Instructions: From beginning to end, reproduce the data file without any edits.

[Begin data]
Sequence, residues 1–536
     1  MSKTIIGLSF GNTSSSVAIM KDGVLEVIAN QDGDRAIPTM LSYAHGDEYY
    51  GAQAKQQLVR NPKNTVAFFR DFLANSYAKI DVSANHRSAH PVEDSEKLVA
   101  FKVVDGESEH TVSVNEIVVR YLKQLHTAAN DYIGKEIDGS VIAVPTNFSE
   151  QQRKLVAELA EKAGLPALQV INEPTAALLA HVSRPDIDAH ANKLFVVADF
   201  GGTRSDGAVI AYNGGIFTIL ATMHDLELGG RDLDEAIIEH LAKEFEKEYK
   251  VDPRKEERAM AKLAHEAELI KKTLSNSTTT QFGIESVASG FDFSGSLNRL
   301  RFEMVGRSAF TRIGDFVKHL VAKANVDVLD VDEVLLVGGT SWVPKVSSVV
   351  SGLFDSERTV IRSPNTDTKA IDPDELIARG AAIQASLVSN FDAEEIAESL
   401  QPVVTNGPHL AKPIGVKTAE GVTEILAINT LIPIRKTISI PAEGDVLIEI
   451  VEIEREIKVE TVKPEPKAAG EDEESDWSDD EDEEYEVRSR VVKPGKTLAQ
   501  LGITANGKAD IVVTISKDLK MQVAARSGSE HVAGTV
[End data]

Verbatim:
Sequence, residues 1–536
     1  MSKTIIGLSF GNTSSSVAIM KDGVLEVIAN QDGDRAIPTM LSYAHGDEYY
    51  GAQAKQQLVR NPKNTVAFFR DFLANSYAKI DVSANHRSAH PVEDSEKLVA
   101  FKVVDGESEH TVSVNEIVVR YLKQLHTAAN DYIGKEIDGS VIAVPTNFSE
   151  QQRKLVAELA EKAGLPALQV INEPTAALLA HVSRPDIDAH ANKLFVVADF
   201  GGTRSDGAVI AYNGGIFTIL ATMHDLELGG RDLDEAIIEH LAKEFEKEYK
   251  VDPRKEERAM AKLAHEAELI KKTLSNSTTT QFGIESVASG FDFSGSLNRL
   301  RFEMVGRSAF TRIGDFVKHL VAKANVDVLD VDEVLLVGGT SWVPKVSSVV
   351  SGLFDSERTV IRSPNTDTKA IDPDELIARG AAIQASLVSN FDAEEIAESL
   401  QPVVTNGPHL AKPIGVKTAE GVTEILAINT LIPIRKTISI PAEGDVLIEI
   451  VEIEREIKVE TVKPEPKAAG EDEESDWSDD EDEEYEVRSR VVKPGKTLAQ
   501  LGITANGKAD IVVTISKDLK MQVAARSGSE HVAGTV